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The Big Bank Theory
(Decoding merger of banks )

Half a century after the nationalization of banks, the central government announced the merger of 10 public sector banks with 4 large entities or lenders. This will bring down the total number of banks to 12 from 27. Under the plan, Oriental Bank of Commerce and United Bank of India will be merged with Syndicate Bank, Andhra Bank and Corporation Bank with Mumbai-based Union Bank of India and Allahabad Bank with Indian Bank. Nirmala Sitharaman, the finance minister pointed out that this will help in consolidating a strong national presence of these banks. Along with this, 58000 crores will be pumped into the banking system to recapitalize the banks. The bottom line is clear, which is, to create banks of the global level that can leverage the economies of scale and balance sheet size to serve the needs of a $ 5 trillion economy by 2025.

In simpler words, now a set of questions which raise their heads are –

How did the government decide the combination of banks to merge?

There are many parameters of choosing and the first one is to minimize customer disruptions, so it was decided to merge the banks with similar software. The second determining factor is a geographical presence, line of bank activities, the extent of sharing bank deposits (CASA) etc.

How do these mergers improve the performance matrix of the banks?

Merger alone does not improve the performance matrix, any merger has to happen along with many things, so additional capital is the first requirement i.e. to adequately recapitalize. Reforms should go hand in hand and there have been a whole set of reforms from the last year ease agenda.

How does it help the government ?

For decades, the government has been the biggest shareholder of banks and has provided capital to them. To grow and lend more, the banks often need a higher amount of capital to compensate for the loans that go bad. By reducing the number of banks to a manageable count, the government is in the hope that the demand for such capital infusion will lower progressively with increased efficiencies and with more well-capitalized banks. It will help the government to focus now on fewer banks than in the past.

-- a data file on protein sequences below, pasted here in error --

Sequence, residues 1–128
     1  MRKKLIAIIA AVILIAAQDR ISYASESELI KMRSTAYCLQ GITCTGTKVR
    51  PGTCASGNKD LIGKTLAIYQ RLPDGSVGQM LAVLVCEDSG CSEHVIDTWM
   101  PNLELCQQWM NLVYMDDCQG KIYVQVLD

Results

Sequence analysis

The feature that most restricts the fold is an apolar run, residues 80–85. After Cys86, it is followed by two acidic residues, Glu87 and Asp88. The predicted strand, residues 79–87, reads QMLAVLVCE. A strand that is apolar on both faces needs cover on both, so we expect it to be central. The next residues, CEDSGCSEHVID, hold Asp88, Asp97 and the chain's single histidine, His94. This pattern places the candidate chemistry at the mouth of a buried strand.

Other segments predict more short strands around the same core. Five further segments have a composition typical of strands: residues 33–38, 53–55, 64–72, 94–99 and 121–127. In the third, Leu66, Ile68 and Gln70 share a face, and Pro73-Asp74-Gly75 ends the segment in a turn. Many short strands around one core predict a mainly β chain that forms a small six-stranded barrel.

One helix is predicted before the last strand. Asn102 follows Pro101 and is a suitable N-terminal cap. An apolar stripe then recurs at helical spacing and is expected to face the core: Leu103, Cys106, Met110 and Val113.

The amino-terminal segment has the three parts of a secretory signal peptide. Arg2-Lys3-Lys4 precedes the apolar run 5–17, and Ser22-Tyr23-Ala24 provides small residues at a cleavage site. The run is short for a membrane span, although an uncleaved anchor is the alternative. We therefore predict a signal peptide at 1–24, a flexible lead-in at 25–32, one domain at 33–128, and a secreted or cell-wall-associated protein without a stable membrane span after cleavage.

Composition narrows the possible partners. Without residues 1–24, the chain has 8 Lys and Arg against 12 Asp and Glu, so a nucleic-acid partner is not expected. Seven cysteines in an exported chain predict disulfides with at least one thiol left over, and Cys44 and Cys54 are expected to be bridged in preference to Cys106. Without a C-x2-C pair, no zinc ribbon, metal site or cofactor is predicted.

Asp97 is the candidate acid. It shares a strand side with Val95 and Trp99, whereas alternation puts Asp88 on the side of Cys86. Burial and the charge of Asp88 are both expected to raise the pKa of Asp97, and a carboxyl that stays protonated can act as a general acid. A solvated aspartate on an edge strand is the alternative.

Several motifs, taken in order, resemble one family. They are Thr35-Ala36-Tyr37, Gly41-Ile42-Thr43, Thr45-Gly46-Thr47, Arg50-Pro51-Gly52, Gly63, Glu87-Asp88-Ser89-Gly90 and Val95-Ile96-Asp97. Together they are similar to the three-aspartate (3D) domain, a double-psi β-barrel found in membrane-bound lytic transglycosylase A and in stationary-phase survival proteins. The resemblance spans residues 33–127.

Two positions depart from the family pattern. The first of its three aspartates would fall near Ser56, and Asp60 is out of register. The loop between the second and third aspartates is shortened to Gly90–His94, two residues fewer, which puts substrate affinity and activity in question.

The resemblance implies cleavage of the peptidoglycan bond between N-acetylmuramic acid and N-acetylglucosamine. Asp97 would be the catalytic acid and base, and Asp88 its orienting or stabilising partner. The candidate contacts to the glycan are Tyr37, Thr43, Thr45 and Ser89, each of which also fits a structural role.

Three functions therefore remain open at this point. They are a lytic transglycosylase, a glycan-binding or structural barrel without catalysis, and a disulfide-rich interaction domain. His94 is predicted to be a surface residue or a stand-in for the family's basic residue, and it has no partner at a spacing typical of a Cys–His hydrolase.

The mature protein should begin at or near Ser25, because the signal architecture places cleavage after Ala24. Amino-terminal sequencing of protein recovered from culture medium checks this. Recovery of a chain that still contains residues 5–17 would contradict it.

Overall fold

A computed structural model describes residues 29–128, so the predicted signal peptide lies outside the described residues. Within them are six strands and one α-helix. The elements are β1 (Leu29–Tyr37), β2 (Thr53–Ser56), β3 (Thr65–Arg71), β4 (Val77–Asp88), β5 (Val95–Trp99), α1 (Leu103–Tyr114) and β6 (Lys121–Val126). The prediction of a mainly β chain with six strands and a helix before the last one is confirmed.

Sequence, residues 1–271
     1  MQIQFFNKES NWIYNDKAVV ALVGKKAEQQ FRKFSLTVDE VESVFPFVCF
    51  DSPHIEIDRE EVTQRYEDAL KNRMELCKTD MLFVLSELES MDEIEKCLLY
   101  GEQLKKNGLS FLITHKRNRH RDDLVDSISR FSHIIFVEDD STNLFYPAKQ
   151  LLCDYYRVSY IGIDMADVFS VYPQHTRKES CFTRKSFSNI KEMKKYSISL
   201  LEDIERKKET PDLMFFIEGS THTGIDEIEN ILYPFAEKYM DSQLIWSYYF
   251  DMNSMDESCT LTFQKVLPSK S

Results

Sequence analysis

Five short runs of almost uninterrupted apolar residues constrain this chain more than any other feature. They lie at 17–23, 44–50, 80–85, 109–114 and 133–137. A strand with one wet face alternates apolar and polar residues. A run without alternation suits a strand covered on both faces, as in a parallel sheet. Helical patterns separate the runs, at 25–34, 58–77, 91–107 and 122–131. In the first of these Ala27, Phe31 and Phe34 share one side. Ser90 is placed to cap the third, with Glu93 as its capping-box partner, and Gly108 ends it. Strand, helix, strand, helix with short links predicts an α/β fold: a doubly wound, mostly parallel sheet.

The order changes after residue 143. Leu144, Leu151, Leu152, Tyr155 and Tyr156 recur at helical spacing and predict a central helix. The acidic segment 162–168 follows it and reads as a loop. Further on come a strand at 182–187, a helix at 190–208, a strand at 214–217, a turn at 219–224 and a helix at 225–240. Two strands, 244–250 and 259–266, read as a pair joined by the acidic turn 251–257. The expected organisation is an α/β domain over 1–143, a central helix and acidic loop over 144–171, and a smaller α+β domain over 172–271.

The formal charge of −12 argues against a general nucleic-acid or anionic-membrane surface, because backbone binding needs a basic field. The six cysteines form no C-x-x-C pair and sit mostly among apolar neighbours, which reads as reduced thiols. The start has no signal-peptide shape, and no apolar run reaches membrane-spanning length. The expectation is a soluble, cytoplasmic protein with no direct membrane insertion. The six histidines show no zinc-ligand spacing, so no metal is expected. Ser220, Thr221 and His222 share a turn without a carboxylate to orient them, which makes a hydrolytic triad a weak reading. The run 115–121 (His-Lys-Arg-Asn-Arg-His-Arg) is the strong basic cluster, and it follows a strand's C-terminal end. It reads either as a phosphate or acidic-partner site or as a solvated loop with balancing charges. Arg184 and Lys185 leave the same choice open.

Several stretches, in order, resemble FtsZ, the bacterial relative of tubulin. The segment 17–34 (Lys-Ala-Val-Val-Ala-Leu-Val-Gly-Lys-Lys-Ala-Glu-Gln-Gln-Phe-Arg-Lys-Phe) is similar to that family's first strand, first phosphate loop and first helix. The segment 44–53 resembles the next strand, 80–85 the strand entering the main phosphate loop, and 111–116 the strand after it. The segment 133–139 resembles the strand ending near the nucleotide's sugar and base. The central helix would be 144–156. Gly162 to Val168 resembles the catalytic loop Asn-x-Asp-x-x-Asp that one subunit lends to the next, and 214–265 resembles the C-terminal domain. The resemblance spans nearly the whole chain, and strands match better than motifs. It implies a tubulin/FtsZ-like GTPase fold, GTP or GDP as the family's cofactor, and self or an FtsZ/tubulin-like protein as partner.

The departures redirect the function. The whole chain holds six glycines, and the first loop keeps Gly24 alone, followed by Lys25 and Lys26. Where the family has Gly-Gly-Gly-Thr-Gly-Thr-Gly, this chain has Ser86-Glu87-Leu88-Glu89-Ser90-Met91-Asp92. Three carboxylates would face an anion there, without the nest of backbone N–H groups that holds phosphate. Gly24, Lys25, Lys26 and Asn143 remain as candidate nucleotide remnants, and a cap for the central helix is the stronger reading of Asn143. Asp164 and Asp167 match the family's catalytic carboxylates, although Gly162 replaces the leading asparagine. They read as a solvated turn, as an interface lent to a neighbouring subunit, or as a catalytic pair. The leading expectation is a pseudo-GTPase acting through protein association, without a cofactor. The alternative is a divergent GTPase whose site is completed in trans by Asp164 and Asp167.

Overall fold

How will this mega-merger impact the Indian economy or further its chances in becoming a $ 5 trillion economy?

Banks perform the role of intermediaries which means banks can take savings from an individual and make them available for investment. For any economic growth to take place both credit and capital (equity) matter. This help banks to credit loans to the customers and to make big investments in market which will further strengthen the economy.

At last, consolidation alone can not make a difference to the state of Indian banks. Governance of these banks has been a major issue which has dragged down many such banks. According to the former RBI governor, Y V Reddy “If the problem is structural and related to governance, it does not matter whether the banks are large or small.” One can just hope that this decision will help the banks and will not lead to any disruption in our banking system in future.

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